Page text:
- 18. Be audience-centric:evaluate! What are the best waysfor you to find out aboutwebcasts from theSmithsonian? Facebook: 62% Email: 54% Twitter: 39%
- 19. Be social
- 20. Integrate social mediafor questions andcomments before,during, after Use a hashtag soviewers can chat Bring on-site visitorsinto the onlineconversation: tell themwhere to re-connectwith content, share withfriends Share related contentDoes anyone have aquestion for thecurator?
- 21. Try to Limit the House KeepingIntroduction because it Irritates OnlineViewers Silence cell phones No flash photography Complete the survey;onsite folks win aprize if they completethe survey Upcoming programs Exhibit openings Introducing thespeaker Lets get to the show!
- 22. Stuff I wish Id known Live vs. canned Live is nice when its an astronaut speaking, butyou may not always have a lot of live viewers(embrace asynchronous learning) Differing audience needs Saturday may be great for on-site audiences butawful for online viewers. Whose needs do youprioritize? Realism about engagement Most people watch/lurk/spectate, not engage Not everything is easily recyclable A 45-minute video is really, really long; editing ishard Teachers may want 2-minute video clips along withmuseum lesson plans, but speakers may not use
- 23. Achieving the Goal of ProvidingAccess For 16 programs that had on-site and onlinecomponents 19,848 online views (live and canned) 7,605 live 12,243 canned (archived on YouTube or UStream) 495 on-site audience membersMore thanmy lecturehall holds!Program views
- 24. 25Any questions? Id love to hear from you: Erin Blasco,firstname.lastname@example.org, @erinblasco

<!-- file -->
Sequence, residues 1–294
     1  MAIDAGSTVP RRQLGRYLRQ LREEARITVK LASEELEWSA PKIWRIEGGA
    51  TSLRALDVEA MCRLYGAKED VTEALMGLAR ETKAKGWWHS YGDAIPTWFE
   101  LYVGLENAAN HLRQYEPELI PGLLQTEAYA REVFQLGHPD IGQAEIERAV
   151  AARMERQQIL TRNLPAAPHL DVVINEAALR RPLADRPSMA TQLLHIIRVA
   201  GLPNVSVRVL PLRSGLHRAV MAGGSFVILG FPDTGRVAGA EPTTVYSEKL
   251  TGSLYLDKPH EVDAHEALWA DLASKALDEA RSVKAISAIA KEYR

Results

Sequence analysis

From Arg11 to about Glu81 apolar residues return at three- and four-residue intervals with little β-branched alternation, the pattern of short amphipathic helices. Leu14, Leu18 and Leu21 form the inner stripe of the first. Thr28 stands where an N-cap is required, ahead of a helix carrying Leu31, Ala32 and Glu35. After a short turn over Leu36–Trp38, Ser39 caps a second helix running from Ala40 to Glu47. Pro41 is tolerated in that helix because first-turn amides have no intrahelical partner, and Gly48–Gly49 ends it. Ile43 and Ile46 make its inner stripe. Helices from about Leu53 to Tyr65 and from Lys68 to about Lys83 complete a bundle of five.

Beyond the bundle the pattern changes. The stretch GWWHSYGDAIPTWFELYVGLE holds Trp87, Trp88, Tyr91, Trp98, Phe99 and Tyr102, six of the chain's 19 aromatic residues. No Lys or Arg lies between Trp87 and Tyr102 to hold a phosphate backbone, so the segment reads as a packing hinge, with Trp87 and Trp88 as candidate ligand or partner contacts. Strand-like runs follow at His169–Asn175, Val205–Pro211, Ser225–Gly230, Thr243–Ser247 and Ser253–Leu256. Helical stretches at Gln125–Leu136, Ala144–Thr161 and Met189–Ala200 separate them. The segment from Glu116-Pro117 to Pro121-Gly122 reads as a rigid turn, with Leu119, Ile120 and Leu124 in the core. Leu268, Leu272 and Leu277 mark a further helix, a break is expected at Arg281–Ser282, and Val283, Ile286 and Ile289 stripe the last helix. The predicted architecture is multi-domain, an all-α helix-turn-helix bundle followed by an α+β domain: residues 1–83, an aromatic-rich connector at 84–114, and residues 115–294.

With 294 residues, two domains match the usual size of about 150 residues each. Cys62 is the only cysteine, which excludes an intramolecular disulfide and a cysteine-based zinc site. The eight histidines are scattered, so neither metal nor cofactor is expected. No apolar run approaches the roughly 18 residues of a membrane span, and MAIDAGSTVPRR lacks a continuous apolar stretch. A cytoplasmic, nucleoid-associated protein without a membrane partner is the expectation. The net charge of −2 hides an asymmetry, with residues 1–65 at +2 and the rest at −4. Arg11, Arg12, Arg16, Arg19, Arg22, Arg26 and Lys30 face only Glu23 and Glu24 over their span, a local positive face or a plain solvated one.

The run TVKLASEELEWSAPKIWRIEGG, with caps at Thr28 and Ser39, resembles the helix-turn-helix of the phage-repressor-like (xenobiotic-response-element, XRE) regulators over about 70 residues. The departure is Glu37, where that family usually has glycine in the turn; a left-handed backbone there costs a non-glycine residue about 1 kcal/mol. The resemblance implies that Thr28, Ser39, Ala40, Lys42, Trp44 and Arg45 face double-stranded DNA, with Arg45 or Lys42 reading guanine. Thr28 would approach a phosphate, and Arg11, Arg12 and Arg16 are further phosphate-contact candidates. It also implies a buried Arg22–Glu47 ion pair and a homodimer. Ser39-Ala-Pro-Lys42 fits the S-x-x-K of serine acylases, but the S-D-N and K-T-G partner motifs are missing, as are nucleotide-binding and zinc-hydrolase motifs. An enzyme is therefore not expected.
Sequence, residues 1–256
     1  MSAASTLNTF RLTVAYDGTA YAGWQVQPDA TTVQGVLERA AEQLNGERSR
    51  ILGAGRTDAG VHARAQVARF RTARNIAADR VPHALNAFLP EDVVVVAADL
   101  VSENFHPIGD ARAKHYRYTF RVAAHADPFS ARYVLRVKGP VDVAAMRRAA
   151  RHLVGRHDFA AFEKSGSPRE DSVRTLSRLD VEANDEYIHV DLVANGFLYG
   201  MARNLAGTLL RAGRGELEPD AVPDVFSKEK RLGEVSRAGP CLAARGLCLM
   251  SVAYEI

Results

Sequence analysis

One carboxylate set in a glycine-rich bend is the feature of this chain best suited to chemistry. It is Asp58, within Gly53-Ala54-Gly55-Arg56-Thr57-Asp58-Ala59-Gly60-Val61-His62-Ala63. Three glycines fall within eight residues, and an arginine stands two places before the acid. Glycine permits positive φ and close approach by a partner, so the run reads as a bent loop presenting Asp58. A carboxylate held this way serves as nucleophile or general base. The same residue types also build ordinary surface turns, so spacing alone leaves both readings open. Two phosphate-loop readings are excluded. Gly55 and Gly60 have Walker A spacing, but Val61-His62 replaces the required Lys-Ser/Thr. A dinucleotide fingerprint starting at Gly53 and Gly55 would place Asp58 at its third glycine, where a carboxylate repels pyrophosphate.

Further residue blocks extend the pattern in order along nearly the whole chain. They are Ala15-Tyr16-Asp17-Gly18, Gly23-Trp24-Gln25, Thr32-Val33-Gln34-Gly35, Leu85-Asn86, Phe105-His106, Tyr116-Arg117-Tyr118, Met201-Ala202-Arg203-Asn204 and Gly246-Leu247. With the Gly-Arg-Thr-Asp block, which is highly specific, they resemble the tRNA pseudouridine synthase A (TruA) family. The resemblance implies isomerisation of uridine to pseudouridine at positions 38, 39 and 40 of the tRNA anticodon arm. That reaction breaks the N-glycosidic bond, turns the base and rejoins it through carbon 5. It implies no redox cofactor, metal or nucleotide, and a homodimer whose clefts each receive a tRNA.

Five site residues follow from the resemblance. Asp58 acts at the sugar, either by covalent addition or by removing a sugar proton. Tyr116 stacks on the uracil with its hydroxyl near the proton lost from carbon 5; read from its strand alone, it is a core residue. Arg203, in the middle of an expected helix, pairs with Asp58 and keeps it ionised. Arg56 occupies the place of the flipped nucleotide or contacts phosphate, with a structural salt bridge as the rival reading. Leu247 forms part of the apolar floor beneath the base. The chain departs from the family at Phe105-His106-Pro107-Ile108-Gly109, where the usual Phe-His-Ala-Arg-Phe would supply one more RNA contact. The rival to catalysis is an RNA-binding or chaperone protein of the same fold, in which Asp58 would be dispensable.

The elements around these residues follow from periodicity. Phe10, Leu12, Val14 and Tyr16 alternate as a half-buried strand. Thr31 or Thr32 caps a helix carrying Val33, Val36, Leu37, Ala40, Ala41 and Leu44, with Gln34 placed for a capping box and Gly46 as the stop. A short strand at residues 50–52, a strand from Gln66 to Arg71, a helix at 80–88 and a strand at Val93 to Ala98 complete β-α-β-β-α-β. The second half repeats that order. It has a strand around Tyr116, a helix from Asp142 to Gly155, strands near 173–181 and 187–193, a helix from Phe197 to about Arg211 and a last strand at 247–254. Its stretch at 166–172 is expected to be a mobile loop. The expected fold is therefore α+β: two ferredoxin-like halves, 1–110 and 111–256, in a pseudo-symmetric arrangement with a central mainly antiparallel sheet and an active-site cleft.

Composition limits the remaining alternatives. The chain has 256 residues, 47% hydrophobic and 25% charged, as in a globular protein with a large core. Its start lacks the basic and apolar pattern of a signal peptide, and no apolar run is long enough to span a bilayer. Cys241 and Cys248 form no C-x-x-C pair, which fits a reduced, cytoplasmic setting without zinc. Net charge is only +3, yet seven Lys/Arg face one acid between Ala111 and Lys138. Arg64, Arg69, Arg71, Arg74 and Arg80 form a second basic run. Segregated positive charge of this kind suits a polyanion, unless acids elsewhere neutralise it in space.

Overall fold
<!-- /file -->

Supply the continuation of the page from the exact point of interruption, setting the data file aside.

- 25. Model The 101EngagementLevelAudience Pluses MinusesVideoConferencingThe museum and theviewers have videoconferencing equipment.You see them, they seeyou, all in real time.Face-to-faceinteractionthrough a privatevideo stream.Very engaging forthat group.Classroom, club,special groupHighest level ofengagement; videoquality is great so yourmuseum objects arecrystal clearViewers need equipment.The recorded version of thevideo is less engaging towatch.GoogleHangout onAirLive stream your Hangout viayour YouTube channel andwebsitePretty social withcommenting, chat,etcAnyone with internetIf your audience is big onGoogle+, theyll love thisWebcastingBroadcast live video viafree sites like UStream.Anyone with internet cantune in. Viewers interactlive via social media. Whenevent is over, videoremains for future viewing.Viewers of thewebcast interactwith each otherand the museumvia Twitter, chat,or other socialmedia.Anyone with internetcan watch the livevideo at theappointed time orthe archived videolater.Best way to get liveinteraction with lots ofpeople. Recordedvideo available onlinepromptly afterprogram.Recording a copy of thevideo while broadcasting livestream, can sacrifice somequality. Picture quality isntgreat. People may not tune into the webcast unless its abig event.Tape,edit, postThe museum makes avideo of a program. Videoediting software is thenused to trim the video toideal length and deletebloopers. The video isposted online for viewingand commenting.Viewers and themuseum can postcomments on thevideo at any time.Anyone who canwatch a cute catvideo on YouTubecan access andcomment on thevideo.Edited video can bemore pleasing towatch than raw video.Editing ca